The U.S. House Select Committee Investigation of the January 6 Attack on the Capitol: Part 5
Elections and Politics Policy Brief #31 | By: Erika Shannon | December 3, 2021
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There have been many changes on our nation’s home front since the January 6th insurrection in the U.S. Capitol; and some of these changes are being made to ensure that events like that will never occur again, on either side. Chairperson Bennie Thompson and his US House Select Committee panel have been investigating the events that transpired on January 6th with one mission in mind: preserve the democratic process. There have been endless subpoenas, documents submitted, and interviews, so what is still to come in this lengthy process?
Of course, there are the matters of getting people to cooperate who have been unwilling to do so. This includes people like former president Donald Trump and his closest cohorts, such as Steve Bannon and Mark Meadows. Earlier this month, Bannon was hit with a federal indictment and charged with two counts of contempt of Congress. This came after he refused to provide testimony or documents to the January 6th Select Committee. His defiance is seen as extreme due to the fact that he was not willing to even appear before investigators under subpoena, even if to assert other alleged privileges. It is seen as a move that may prompt others to follow suit and do their best to derail the investigation.
While Bannon’s contempt is seen as a problematic example of non-compliance, other allies of Trump have decided to come forward to seemingly avoid the problems that Bannon is now facing. Mark Meadows, Trump’s chief of staff at the time of the January 6th insurrection, is now cooperating with the House Select Committee. For now, communications have been through his attorney but he will soon appear for an initial deposition in front of them. Meadows is currently the highest profile member of the former President’s inner circle who is known to be actually cooperating with the investigation. Though he still may attempt to withhold certain information, his cooperation is a good sign for the committee’s efforts.
Meadows may not be following in Steve Bannon’s contemptuous footsteps, but other Trump allies may do so. Jeffrey Clark, head of the Environment and Natural Resources division of the Justice Department under Trump, allegedly attempted to use federal resources to delay the certification of the 2020 election results. He has attempted to claim that the information being sought by the Committee is protected by executive privilege, much like the former president believes himself. Recently he has agreed to testify but threatens to invoke the 5th amendment on questions that might incriminate him. Still, even if Clark invokes the 5th, Committee members will be able to gain insights into areas of possible criminality from the questions which Clark refuses to answer.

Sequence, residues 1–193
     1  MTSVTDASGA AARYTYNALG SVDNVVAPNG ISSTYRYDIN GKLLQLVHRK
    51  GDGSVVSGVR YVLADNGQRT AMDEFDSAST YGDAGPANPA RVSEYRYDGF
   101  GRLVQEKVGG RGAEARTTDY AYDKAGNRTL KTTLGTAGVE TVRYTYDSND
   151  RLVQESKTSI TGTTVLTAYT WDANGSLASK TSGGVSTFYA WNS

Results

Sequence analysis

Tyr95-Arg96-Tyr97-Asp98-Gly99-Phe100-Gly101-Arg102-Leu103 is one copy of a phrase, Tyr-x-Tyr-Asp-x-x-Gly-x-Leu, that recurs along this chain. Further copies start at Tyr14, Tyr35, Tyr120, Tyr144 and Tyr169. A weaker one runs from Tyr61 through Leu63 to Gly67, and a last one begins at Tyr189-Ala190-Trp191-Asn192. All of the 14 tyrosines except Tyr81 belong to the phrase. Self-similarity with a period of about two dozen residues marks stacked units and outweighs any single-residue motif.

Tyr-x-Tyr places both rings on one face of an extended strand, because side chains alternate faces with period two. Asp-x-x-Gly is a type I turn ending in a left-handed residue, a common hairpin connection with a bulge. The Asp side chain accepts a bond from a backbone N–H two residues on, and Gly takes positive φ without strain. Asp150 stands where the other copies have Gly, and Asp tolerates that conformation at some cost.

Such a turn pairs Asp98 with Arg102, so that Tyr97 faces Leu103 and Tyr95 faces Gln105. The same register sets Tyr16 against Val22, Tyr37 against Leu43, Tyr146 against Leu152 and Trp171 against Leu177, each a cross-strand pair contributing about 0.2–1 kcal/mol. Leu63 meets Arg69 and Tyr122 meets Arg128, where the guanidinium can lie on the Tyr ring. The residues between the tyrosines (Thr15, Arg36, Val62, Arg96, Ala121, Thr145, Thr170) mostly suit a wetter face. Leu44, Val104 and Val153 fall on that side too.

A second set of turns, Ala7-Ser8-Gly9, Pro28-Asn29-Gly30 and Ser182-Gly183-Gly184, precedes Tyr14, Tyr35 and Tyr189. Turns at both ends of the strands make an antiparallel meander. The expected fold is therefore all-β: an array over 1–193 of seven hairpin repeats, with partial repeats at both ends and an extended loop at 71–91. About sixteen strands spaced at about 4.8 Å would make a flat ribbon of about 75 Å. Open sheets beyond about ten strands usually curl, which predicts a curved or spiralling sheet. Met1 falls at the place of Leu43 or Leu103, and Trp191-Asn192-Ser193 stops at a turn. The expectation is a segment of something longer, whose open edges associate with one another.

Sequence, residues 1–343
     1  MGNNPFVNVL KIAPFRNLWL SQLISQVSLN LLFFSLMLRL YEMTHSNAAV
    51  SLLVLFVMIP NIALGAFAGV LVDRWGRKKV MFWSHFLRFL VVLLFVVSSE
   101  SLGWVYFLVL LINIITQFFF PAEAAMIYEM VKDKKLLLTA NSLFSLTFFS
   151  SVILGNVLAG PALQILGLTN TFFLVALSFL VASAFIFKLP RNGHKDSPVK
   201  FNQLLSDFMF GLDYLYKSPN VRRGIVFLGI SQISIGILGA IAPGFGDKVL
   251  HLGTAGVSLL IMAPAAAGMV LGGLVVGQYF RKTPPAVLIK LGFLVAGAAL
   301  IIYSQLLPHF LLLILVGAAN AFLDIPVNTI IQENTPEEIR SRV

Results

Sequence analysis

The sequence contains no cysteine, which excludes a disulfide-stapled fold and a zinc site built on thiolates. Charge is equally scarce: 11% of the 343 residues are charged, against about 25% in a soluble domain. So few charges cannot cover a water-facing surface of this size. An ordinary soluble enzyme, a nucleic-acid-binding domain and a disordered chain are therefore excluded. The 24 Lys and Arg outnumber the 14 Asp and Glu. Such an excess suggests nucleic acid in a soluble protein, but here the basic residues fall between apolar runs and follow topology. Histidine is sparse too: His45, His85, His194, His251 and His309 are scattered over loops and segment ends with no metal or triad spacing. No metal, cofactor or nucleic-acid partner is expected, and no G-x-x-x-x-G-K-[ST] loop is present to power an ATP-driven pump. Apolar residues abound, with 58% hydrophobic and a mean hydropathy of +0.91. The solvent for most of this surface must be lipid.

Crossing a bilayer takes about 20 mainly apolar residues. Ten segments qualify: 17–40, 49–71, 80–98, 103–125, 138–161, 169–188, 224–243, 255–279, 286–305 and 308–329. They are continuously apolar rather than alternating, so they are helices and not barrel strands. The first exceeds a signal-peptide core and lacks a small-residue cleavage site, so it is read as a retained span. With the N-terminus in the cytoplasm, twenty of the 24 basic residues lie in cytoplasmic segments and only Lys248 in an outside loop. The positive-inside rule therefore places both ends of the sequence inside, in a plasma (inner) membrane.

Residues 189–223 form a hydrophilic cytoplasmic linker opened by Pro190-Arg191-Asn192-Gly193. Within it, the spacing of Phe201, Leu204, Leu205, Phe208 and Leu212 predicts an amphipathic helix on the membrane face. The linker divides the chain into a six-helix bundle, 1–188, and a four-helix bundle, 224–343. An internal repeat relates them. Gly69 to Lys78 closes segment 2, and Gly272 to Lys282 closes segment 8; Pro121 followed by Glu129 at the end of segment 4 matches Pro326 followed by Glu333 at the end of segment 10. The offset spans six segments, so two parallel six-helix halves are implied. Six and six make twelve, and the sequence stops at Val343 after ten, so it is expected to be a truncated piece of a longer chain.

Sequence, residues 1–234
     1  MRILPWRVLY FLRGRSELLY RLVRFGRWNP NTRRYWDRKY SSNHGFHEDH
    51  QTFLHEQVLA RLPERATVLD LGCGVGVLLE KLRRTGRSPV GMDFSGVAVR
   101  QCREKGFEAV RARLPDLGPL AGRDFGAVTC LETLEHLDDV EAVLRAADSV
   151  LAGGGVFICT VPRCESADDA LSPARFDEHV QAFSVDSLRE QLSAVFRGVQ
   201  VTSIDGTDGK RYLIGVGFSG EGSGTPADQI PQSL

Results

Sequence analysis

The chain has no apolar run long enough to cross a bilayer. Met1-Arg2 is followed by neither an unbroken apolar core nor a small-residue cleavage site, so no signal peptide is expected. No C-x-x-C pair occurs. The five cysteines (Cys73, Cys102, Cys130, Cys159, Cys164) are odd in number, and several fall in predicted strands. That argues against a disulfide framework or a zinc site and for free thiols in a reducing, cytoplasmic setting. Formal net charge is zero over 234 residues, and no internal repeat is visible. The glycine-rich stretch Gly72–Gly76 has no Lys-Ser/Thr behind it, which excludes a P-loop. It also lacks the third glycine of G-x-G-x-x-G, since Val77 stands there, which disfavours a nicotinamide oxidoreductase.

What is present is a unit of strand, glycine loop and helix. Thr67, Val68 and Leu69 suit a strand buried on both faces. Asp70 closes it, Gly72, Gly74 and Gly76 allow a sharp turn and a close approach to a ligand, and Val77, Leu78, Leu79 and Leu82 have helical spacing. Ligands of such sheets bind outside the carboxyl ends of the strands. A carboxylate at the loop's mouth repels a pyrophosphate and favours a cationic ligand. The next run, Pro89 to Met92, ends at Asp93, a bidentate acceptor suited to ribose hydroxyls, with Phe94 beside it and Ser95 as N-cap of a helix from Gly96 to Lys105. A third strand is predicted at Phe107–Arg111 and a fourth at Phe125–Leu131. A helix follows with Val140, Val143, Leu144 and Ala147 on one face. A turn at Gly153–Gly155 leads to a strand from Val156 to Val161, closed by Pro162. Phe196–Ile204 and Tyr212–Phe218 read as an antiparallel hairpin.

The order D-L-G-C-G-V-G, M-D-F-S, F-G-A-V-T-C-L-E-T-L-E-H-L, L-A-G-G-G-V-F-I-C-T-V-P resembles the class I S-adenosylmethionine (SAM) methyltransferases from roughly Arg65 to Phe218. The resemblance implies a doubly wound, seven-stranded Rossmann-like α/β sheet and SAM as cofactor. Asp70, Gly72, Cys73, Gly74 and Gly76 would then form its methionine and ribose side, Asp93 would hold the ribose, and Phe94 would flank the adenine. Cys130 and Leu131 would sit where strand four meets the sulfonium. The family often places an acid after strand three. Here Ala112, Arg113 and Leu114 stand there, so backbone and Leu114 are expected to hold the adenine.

While progress is being made, the Committee is still issuing subpoenas to try and get as much information as possible. In late November, the panel sent out another five subpoenas. Groups subpoenaed include Proud Boys International, L.L.C. and the Oath Keepers. Henry “Enrique Tarrio, former chairman of the Proud Boys, was also subpoenaed by the Committee. Elmer Stuart Rhodes, a member of Oath Keepers, was subpoenaed due to his alleged suggestions that the Oath Keepers should engage in violence to secure their preferred election outcome.
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The group 1st Amendment Praetorian and its chairman, Robert Patrick Lewis, were also subpoenaed, as Lewis was listed as a speaker on the permit for the January 5th rally on Freedom Plaza. Lewis suggested violence was imminent and the Committee would like to know how far his involvement goes.
While the Committee is trying to figure out how to get certain parties to comply with their investigation, they are receiving a good amount of information from former president Trump’s allies. Some of this information has the potential to get Trump in trouble; this is likely why the former president refuses to cooperate with the House Select Committee to this day.. Trump finds the panel’s work to be a joke, not realizing the severity of the investigation, and will eventually have to face them or possibly be indicted.
This brief is part of an ongoing series in the Select Committee’s investigation; further updates will be provided as the investigation continues.